Leading the way to human-centric digitalisation
Finland introduces its game-changing Digital Compass, fostering continuity and propelling digitalisation forward. Through strategic investments and a human-centric approach, Finland emerges as a frontrunner, guiding us towards a prosperous digital future.
Working together to lead the way to human-centric digitalisation
Finland’s top position in the Digital Economy and Society Index (DESI) and other indices tells us that we have done many things right in promoting digitalisation. As a global pioneer, Finland aims to systematically continue its ambitious digital and technology policy.
Against this backdrop, Finland takes pride in spearheading the digital transformation, leading by example through collaboration. We are determined to pave the way for innovation and progress, inspiring others to embrace the power of digitalisation. The EU has tasked all member states to draw up a national strategic roadmap as part of the EU’s Digital Decade 2030 framework. To fulfil this requirement, our national Digital Compass was published last year among the first ones in Europe.
Finland’s Digital Compass boosts and gives direction to Finland’s digitalisation efforts. It is a strategy for the next decade, allowing digitalisation and the data economy to better serve citizens, communities and businesses in 2030.
A digitalisation policy needs strong commitment and engagement from all. The biggest innovation of our Digital Compass is the transformation and enhancement of the way we cooperate and engage with others. This work was steered by a new Ministerial Working Group responsible for the digital transformation. Through our new coordinating network, the Digital Office, all ministries were involved in drawing up the Compass. Hundreds of stakeholders gave their contribution at meetings and workshops and through consultation.
As a new Finnish government is about to take office, the Digital Compass will bring much needed continuity. Joint commitment from the ministries and stakeholders and the support of Parliament both convey an important message for the next government term: We must continue to make the necessary investments in all areas of the Digital Compass, including infrastructure, competence and the digitalisation of businesses and public services.
At the same time, we must be able to make choices and prioritise funding. To facilitate progress monitoring, we need to develop a shared knowledge base and situational awareness. We need better data both to identify bottlenecks and to know which investments will result in the biggest gains.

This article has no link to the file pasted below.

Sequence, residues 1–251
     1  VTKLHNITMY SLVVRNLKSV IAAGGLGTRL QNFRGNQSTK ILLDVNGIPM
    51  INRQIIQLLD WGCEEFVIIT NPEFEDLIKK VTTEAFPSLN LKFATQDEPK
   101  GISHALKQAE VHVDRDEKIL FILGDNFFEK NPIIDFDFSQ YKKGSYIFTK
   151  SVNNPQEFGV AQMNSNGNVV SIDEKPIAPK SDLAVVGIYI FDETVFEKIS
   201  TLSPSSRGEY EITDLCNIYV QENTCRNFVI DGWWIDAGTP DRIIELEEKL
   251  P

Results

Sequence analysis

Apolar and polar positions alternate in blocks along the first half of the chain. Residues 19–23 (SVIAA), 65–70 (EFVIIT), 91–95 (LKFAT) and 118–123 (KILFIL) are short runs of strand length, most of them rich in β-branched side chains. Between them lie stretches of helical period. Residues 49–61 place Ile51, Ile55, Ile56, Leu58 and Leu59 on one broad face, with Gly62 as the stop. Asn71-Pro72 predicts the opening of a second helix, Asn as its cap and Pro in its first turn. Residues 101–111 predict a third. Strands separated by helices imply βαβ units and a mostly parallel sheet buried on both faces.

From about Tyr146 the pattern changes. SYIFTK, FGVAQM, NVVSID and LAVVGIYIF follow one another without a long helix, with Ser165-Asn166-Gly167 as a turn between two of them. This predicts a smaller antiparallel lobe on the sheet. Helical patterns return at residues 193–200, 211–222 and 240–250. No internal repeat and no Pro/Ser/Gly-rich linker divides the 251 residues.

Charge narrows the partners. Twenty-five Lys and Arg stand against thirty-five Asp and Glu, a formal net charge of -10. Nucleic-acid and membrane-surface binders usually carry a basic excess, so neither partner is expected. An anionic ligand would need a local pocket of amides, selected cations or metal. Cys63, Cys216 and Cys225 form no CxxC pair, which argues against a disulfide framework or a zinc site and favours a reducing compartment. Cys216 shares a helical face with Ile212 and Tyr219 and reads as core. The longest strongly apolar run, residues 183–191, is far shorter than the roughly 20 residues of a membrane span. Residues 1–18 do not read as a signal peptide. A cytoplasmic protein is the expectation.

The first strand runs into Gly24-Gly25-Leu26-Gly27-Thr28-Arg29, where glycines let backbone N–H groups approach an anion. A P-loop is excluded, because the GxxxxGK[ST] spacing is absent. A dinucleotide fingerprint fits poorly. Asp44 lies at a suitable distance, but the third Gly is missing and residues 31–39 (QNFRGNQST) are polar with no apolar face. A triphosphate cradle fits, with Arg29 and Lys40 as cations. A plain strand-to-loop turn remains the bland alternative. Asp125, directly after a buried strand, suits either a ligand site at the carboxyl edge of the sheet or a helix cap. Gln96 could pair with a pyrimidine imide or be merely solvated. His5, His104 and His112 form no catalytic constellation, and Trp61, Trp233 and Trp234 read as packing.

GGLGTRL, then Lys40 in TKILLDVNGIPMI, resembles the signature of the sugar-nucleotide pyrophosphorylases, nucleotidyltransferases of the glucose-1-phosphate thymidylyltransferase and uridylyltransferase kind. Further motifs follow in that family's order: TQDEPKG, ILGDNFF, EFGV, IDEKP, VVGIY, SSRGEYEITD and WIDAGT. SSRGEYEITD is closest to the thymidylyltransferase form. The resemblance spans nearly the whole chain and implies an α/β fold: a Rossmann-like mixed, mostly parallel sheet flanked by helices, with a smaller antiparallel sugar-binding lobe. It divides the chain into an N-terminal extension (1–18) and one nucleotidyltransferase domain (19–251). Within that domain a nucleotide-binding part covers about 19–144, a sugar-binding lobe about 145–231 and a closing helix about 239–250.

We hope that our example of the Digital Compass and of practical cooperation can inspire others who are working together to build a better Europe through digital transformation. Our enhanced national cooperation has been very fruitful, and we wish to see the benefits of cooperation also at EU level.
Time for implementation
The key measures to reach the Digital Decade targets should be launched as soon as possible. In particular, we need to make haste to improve our digital infrastructure. Through cyber-secure and high-quality networks and computing power, combined with the structures for a well-functioning data economy, we can increase competences, do successful business and provide human-centred and efficient public services.
The data economy is one of Finland’s focus areas where, in order to succeed, we will need efficient, reliable and fair exchange and sharing of data. While more efficient processing of financial data will affect all businesses, developing data utilisation in areas such as healthcare and social welfare will be a particularly important and demanding task. Mobility data is also a key area. By investing in data sharing structures in these sectors, we can further scale the benefits across all sectors.
Finland has long emphasised the development of productivity based on data use and human-centred digital services. We have contributed to the creation of a human-centred and balanced regulatory framework for the data economy in the EU. In addition to the implementation of the Digital Decade, an effective and uniform implementation of the regulations will be the next crucial step in promoting the EU’s competitiveness, open strategic autonomy and digital resilience.
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Text: Laura Eiro, Director General, Ministry of Transport and Communications